General info for everyone Growing
Hi guys, just passing this on to help anyone who needs it
OP by HippyInEngland at MP
Plants suffer from chemical burns due to overfeeding. A plant with a chemical burn can be likened to a half-smoked joint. At the tip of the joint you have a shriveled gray ash. In the middle you see the burn creeping towards new paper, leaving a burn pattern behind it. At the end, there is the part you have not smoked yet. A plant chemical burn looks similar, and the leaf will tend to curl down and inwards into a claw shape at the tips.
The plant has a vascular system that takes in water and food and distributes these elements first to the bottom fan leaves, then upwards to the rest of the plant. You will notice that the damage from chemical burns also starts on the tips of the fan leaves, then slowly moves towards the center and up the plant, leaving behind crispy matter that flakes away between your fingers. This is a chemical burn.
The main cause of a chemical burn is overfeeding that can occur if you use soil that contains high ratios of nutrients, if you use strong feeding mixtures or if you feed your plants too often.
]A nutrient deficiency looks like a cell collapse (the natural appearance of the firm leaves lose some or all of their stiffness), usually along with some form of discoloration and or wilting.The affected part may wither and die, but it should not look like chemical burn. That is the major difference between a chemical burn and a nutrient problem. In time, you should be able to easily tell the difference yourself. If you suspect a nutrient deficiency be sure to check your pH. If your pH is not right, then solve the pH problem before you attempt anything else.
10 Steps to Saving Your Grow
Here is a quick step-by-step approach to troubleshooting problems with your
STEP 1: Examine your plant, looking first for the presence of insects or disease.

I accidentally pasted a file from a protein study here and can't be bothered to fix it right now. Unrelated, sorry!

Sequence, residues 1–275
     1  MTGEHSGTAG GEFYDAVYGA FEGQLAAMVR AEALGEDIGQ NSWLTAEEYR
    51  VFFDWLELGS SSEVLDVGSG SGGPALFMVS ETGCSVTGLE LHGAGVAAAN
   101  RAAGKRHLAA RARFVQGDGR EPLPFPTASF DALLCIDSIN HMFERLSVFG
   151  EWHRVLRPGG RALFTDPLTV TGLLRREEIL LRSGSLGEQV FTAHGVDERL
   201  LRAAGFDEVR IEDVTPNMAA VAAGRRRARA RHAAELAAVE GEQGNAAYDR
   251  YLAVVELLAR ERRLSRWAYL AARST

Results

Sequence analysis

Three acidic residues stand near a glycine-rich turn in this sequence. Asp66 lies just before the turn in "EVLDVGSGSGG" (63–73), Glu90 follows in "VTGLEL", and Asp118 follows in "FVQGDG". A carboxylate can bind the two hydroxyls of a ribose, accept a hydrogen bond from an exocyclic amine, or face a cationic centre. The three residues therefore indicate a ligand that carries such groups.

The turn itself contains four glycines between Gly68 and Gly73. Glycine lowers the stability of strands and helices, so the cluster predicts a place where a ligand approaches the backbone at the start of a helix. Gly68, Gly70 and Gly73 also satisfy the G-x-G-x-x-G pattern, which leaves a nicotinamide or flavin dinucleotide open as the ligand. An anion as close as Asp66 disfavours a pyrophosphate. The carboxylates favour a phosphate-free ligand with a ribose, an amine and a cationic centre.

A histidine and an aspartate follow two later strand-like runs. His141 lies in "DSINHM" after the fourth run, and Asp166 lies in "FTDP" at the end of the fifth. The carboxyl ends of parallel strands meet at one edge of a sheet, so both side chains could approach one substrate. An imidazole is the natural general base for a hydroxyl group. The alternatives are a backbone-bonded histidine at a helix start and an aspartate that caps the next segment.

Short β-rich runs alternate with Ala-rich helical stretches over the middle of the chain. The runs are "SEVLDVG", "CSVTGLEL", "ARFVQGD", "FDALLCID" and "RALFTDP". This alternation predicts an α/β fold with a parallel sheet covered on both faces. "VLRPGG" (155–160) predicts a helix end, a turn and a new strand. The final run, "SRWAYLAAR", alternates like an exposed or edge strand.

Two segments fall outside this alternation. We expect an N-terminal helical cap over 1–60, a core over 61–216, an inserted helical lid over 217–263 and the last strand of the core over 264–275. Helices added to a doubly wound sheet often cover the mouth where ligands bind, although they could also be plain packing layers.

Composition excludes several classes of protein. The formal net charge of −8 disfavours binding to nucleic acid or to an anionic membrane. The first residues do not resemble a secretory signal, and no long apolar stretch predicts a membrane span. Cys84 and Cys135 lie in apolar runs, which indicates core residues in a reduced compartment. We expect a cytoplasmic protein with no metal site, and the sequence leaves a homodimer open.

]Also note the type of attack to make sure that your bug problem isn't really a nutrient problem. The two can be confused. Are there any black dots on them, which would indicate bugs? Do your leaves look discolored, dry and limp as if something has been drinking their fluids from them? This could be a nutrient disorder but pest attack can do this as well
Nutrient problems damage the plant on a more consistent level than pest attacks, meaning that the damaged areas are not as sporadic as a pest attack. Nutrient disorders tend to be more linear — either affecting the bottom leaves moving upwards, or the top leaves moving downwards. The disorder should be somewhat regular unless the pest attack has managed to occur over the entire plant. This is why it is important for you, the grower, to check on your plants regularly so that you can identify problems sooner rather than later. This is essential to do because a problem left untreated is a problem that becomes increasingly more difficult to identify.
In short, pest damage is sporadic, random and often concentrated on a single area of the plants before moving onto another. Nutrient disorders are more regular and affect the plant in a linear movement running either from bottom to top or top to bottom.